The Navy has developed the following list of relevant and timely topics about its cleanup program at the former Naval Station Treasure Island (NSTI). We hope that members of the community and media representatives will find this tool useful to better understand environmental cleanup efforts at NSTI.
Topics are in chronological order and introduced with a question, or a brief description of an issue which is followed by a statement from the Navy about NSTI.
Please make this page your first stop when looking for the most current content available about NSTI.
December 11, 2018 (FAQs Updated as of 5-11-21)
Frequently Asked Questions is safe to live on, work on and visit at NSTI.
September 17, 2019 (updated 10-4-19)
Facts About a Recently Excavated Low-level Radiological Material at Treasure Island
Because the Navy’s first priority in the cleanup at NSTI is public health and safety, the Navy has standard procedures in place to conduct radiological scans before, during, and after chemical cleanup work to determine whether any radiological materials are present during the soil excavation.
After removing the concrete, the Navy detected radiation above the background range in degraded material contained in the soil beneath the removed concrete. The Navy then excavated an area roughly 21 inches deep to ensure any contaminated material was safely removed.
Based on the results of the pre-excavation scan, which found no elevated radiation levels, and the scan results during the excavation work, Navy radiological health experts are confident there was no health risk to local residents or the public while the impacted material was in place or during its removal.
Supplemental information added October 4, 2019:
This means if a person was directly exposed to this unearthed degraded material for one hour per day for one year, the total accumulated dose over that year would be 4.7 millirem (mrem) which is about the average dose (4 mrem) a person receives from a cross-country flight from San Francisco to Washington, D.C.
March 26, 2019
Title: Work Performed by TETRA TECH EC on Treasure Island
Statement: The Navy understands the community concerns related to recent reporting about Tetra Tech EC work at Treasure Island. The Navy would like to reassure residents that there is no radiological health risk to those who live on, work on or visit Treasure Island.
- Buildings 343, 344 and 233
|For information about radiological work performed by Tetra Tech EC on Treasure Island Click here.|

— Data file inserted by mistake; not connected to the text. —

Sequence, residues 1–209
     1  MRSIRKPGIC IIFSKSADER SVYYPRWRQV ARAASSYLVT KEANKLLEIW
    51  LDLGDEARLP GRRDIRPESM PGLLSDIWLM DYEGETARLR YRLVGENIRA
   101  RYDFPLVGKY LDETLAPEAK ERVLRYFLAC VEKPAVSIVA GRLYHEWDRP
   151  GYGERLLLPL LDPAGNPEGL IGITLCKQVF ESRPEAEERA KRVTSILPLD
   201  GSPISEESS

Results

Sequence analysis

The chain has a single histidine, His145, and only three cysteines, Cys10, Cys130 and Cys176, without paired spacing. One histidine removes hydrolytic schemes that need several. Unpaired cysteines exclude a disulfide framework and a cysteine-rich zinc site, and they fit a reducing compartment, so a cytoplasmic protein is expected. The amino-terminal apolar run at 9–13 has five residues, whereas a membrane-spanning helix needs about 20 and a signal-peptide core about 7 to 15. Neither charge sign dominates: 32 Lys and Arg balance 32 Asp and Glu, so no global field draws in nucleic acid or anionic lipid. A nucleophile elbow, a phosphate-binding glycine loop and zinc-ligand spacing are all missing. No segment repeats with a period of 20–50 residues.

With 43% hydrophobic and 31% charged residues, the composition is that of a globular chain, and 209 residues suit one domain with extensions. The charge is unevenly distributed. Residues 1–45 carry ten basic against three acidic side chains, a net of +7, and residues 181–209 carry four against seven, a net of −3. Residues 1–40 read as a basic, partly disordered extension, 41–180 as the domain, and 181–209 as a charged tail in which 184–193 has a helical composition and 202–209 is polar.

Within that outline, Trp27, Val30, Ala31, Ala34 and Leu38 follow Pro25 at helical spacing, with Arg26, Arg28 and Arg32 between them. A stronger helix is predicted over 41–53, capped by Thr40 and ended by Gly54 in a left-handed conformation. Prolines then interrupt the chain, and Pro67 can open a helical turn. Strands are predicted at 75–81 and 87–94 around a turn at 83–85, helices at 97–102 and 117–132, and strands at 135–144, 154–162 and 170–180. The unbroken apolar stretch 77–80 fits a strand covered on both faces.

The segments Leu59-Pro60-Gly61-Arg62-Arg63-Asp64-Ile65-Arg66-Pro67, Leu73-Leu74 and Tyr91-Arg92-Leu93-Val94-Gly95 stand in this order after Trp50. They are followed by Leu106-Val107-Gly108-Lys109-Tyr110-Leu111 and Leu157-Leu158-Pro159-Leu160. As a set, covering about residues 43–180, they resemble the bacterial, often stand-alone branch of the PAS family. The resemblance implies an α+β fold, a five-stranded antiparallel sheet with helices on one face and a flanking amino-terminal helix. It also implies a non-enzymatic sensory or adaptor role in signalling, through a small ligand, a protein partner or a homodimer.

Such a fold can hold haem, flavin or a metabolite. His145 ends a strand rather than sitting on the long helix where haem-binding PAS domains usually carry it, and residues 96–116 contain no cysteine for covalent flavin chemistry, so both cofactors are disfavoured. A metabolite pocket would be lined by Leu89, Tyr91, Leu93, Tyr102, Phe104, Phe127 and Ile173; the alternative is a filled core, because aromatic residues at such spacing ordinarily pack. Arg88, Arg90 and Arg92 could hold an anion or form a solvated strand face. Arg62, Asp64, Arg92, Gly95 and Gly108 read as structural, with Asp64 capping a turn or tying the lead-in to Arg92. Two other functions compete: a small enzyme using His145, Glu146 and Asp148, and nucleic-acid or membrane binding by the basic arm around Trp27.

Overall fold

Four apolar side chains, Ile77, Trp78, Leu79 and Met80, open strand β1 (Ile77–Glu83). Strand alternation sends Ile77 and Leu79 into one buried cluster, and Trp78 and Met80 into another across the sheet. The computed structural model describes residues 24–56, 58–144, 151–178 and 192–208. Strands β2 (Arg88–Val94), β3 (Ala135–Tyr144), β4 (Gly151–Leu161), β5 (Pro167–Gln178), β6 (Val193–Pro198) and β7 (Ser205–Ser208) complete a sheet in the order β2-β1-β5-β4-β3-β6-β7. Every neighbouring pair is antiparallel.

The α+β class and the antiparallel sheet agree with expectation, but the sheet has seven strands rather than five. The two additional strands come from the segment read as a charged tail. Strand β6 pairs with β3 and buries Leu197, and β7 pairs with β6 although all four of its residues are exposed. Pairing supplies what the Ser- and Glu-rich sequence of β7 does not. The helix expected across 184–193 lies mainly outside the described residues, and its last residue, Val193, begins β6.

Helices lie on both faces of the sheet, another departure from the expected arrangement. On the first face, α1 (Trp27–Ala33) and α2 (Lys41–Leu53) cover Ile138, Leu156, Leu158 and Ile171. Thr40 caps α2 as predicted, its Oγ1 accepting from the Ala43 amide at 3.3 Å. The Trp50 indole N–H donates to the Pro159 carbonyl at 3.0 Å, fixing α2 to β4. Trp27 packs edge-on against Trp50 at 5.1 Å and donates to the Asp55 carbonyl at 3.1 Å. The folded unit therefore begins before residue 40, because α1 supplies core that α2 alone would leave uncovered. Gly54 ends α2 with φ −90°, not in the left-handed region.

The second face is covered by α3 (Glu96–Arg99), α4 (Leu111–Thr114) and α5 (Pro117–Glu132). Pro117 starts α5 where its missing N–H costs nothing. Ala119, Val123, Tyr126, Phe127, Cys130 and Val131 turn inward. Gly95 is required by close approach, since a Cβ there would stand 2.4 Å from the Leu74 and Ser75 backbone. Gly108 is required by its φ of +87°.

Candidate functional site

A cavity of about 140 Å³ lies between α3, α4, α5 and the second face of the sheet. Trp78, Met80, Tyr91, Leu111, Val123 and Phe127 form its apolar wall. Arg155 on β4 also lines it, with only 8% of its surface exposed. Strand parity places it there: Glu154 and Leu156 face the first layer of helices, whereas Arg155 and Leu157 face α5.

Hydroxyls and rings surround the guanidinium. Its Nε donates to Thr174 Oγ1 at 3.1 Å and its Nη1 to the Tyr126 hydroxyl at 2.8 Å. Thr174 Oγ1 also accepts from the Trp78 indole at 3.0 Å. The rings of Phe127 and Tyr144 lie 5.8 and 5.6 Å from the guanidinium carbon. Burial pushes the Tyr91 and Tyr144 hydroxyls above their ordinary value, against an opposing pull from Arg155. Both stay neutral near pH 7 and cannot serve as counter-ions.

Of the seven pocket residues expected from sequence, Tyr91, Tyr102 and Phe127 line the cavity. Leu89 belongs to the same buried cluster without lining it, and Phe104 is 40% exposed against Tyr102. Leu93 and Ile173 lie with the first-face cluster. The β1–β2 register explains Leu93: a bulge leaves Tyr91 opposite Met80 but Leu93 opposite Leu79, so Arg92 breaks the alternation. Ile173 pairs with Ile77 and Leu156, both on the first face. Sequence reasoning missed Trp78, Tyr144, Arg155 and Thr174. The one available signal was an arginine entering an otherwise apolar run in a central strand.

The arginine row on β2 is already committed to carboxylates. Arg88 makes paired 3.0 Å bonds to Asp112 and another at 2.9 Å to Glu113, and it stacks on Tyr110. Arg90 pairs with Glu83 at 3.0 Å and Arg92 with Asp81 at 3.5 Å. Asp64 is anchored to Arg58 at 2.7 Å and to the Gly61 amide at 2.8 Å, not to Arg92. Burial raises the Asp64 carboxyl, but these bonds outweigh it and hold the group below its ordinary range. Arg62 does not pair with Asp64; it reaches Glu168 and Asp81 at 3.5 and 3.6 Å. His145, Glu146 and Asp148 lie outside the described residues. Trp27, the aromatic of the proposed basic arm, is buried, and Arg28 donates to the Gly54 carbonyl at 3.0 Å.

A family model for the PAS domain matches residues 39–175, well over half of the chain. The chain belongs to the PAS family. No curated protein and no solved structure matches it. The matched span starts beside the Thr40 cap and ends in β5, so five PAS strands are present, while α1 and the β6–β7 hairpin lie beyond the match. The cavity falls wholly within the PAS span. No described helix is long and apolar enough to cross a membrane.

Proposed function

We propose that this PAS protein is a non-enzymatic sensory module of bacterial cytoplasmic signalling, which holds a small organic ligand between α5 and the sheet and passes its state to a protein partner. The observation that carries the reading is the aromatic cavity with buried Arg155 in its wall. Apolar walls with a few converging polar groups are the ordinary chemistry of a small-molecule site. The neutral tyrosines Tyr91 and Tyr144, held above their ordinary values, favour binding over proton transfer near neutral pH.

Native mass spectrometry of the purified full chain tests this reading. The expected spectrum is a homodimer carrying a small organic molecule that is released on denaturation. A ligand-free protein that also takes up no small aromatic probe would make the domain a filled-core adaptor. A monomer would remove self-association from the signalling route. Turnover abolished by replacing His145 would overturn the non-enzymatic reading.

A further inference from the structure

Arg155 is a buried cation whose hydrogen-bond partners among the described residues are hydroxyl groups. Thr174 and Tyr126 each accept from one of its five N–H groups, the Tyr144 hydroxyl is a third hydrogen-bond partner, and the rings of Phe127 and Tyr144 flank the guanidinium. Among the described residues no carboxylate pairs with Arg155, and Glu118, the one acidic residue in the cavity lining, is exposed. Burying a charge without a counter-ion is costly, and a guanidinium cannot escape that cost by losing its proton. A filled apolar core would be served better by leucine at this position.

February 2, 2019
The Environmental and Radiological Clean-up Program at NSTI
The Navy follows a deliberate, iterative and thorough regulatory clean-up process that is defined in the Comprehensive Environmental Response, Compensation, and Liability Act. This means that decisions are updated over time, as new data or information is collected. The process ensures regulatory vetting, stakeholder involvement and public awareness about the clean-up actions that are selected and implemented to protect the environment and community prior to any property parcels being transferred to the City of San Francisco for productive reuse.
Multiple regulatory agencies have concluded that even as clean-up requirements at NSTI evolved, there was no risk to human health and safety in residential areas. These findings were also confirmed with independent evaluations by the California Department of Public Health (CDPH). The state regulatory agencies, including the California Department of Toxic Substances Control (DTSC) and CDPH, review all work plans, scan results, site information and clean-up data and have not identified any unacceptable risk to those who live and work at NSTI. While there are certain areas of NSTI that are still undergoing investigation and cleanup, those areas have physical barriers in place to prevent public access.
December 19, 2018
Navy General Statement on Resident and Public Safety at NSTI
Multiple regulatory agencies have concluded that even as cleanup requirements at NSTI evolved, there was no risk to human health and safety in residential areas from subsurface objects discovered through the environmental cleanup program. These findings were also confirmed with independent evaluations by the California Department of Public Health (CDPH).
While there are certain areas of NSTI that are still undergoing investigation and cleanup, those areas have physical barriers in place to prevent public access. If radiological objects are discovered, they are removed and properly disposed.
The Navy’s protocols and the data are reviewed by state regulators, including the CDPH, State Water Board, and the California Department of Toxic Substances Control (DTSC). Their overarching role in monitoring the Navy’s work is to ensure the safety of human health and the restoration of the environment. The Navy values the health and safety of the community and will continue to transparently provide information on the remaining cleanup by sharing important updates through the Restoration Advisory Board (RAB), quarterly meetings, BRAC website, newsletters and public notices. READ MORE>